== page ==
By 1955, it was three years since the second of those two league titles for Hibs, but the reputation of their Famous Five forwards remained powerful. The club itself had shown an appetite to play summer tours against international opposition. They had also shown an innovative edge by touring Brazil that decade, and they beat Matt Busby’s Manchester United 7-3 in a testimonial for Gordon Smith in 1952. So it was with great excitement that Hibernian entered the inaugural European Cup in Aberdeen’s stead.
The campaign started well, even if Johnstone had left by then for Manchester City – and FA Cup glory – in 1956, due in large part to the Revie Plan. Yet City weren’t the only team that season to excite by withdrawing a forward as Hungary had done with Nandor Hidegkuti.
The Hibees did it too. It was Reilly, of course, who dropped back to act as a creative pivot and dictate play. The results were seriously impressive. In the first round of the European Cup, Hibs eviscerated Rot Weiss Esssen, the champions of Germany – including the influential Helmut Rahn, who scored two goals in the 1954 World Cup final – 5-1 on aggregate, with Reilly scoring in the 4-0 away leg rout.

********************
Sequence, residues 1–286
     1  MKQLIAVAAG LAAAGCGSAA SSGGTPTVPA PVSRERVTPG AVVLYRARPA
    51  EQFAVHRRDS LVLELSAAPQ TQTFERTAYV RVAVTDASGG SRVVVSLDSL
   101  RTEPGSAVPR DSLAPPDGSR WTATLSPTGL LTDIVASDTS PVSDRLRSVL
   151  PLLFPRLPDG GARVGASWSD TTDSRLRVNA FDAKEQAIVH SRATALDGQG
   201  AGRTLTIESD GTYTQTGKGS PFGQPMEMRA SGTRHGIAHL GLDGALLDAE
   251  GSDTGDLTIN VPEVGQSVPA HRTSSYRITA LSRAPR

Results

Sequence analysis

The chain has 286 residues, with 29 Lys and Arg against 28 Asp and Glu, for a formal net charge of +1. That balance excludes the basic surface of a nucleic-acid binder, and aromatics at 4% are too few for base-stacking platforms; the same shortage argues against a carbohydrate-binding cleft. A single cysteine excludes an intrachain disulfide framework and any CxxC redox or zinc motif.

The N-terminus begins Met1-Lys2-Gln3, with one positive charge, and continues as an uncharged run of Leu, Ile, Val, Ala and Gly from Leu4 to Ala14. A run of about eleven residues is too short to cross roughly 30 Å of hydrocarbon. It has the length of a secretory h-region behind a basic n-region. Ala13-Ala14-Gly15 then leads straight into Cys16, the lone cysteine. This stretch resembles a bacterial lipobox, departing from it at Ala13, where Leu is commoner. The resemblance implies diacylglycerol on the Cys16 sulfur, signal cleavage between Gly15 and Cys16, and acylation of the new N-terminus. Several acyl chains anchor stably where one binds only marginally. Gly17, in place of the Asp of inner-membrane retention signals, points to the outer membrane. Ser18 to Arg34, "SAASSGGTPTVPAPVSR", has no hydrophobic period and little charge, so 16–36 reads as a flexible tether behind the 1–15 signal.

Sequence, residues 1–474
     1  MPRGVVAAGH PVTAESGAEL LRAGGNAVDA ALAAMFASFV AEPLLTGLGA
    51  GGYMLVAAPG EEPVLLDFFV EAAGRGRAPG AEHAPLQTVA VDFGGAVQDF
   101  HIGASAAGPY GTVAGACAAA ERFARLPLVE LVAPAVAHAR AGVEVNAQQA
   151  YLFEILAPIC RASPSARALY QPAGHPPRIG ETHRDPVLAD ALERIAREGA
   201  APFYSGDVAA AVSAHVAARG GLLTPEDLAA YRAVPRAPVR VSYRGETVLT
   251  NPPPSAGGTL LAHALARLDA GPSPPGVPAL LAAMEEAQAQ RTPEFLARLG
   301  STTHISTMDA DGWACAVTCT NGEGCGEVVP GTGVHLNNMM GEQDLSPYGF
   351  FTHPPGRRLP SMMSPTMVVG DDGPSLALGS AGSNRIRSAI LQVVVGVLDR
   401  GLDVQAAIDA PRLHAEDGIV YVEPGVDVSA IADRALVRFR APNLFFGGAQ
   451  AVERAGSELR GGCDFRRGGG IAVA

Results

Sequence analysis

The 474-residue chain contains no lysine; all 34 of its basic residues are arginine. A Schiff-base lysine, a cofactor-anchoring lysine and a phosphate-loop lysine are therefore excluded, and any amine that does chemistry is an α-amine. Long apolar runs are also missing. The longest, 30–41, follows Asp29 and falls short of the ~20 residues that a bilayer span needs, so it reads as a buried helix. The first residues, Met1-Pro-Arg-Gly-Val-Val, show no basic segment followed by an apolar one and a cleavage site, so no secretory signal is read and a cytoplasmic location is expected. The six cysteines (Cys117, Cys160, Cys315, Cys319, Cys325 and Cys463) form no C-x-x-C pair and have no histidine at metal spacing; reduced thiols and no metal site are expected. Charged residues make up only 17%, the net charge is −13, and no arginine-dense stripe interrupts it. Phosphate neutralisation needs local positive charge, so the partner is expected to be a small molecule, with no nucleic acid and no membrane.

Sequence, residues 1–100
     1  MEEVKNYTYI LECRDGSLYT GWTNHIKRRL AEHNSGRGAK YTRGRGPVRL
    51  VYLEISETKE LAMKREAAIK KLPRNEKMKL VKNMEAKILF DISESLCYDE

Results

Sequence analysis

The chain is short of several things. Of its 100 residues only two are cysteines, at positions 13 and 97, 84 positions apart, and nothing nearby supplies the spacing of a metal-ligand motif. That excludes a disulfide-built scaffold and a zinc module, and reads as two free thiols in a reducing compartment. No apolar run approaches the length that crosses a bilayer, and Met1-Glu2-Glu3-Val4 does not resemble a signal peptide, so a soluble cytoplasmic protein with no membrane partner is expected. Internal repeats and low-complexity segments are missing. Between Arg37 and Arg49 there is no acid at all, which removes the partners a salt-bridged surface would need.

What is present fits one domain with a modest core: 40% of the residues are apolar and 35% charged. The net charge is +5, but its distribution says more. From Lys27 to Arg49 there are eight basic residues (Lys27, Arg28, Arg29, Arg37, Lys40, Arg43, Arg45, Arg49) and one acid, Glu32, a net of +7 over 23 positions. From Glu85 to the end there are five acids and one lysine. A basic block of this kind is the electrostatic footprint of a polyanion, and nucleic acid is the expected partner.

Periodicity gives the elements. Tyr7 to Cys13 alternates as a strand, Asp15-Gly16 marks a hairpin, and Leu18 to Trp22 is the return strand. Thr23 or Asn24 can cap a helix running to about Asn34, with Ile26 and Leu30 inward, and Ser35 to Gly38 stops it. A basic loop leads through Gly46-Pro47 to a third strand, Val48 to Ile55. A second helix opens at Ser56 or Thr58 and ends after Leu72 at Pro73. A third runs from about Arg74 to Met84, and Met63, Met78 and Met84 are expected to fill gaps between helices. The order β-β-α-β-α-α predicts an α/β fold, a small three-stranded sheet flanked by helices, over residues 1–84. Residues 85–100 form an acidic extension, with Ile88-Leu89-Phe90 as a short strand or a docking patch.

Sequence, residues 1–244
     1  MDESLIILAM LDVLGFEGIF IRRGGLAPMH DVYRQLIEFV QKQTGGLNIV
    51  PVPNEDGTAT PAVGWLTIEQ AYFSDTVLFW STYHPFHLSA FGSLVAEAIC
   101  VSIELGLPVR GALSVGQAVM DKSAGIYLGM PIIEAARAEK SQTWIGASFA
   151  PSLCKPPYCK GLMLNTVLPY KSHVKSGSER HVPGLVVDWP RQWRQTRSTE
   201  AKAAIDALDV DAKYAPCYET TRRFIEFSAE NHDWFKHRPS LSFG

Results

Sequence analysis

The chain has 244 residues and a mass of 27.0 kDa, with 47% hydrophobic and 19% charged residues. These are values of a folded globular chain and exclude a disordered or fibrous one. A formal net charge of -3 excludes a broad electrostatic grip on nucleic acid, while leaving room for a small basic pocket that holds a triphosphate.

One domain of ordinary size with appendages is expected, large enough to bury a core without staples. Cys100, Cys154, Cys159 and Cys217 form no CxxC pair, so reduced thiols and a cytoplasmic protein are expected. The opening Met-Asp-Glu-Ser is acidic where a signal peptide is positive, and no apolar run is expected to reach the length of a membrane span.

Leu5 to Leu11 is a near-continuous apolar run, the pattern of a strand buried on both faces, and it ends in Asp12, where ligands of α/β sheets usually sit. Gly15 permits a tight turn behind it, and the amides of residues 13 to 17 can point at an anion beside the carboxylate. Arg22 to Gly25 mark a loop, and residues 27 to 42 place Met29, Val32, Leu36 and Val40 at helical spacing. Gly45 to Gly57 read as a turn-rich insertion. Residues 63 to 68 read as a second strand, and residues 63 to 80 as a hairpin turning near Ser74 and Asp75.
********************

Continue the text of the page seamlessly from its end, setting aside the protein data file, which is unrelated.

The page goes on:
Djurgarden of Sweden were beaten in the next round. In the semi-final, fledgling European giants Real Madrid and AC Milan faced off. But the other semi saw Raymond Kopa’s Stade Reims (also containing the French 1984 European Championship winning manager Michel Hidalgo) play Hibernian.
Despite conceding a goal midway through the second half, Hibernian and Reilly admirably pushed on for a leveller instead of settling for a narrow defeat. Unfortunately, in the last minute Kopa set up Bliard for Reims’s second.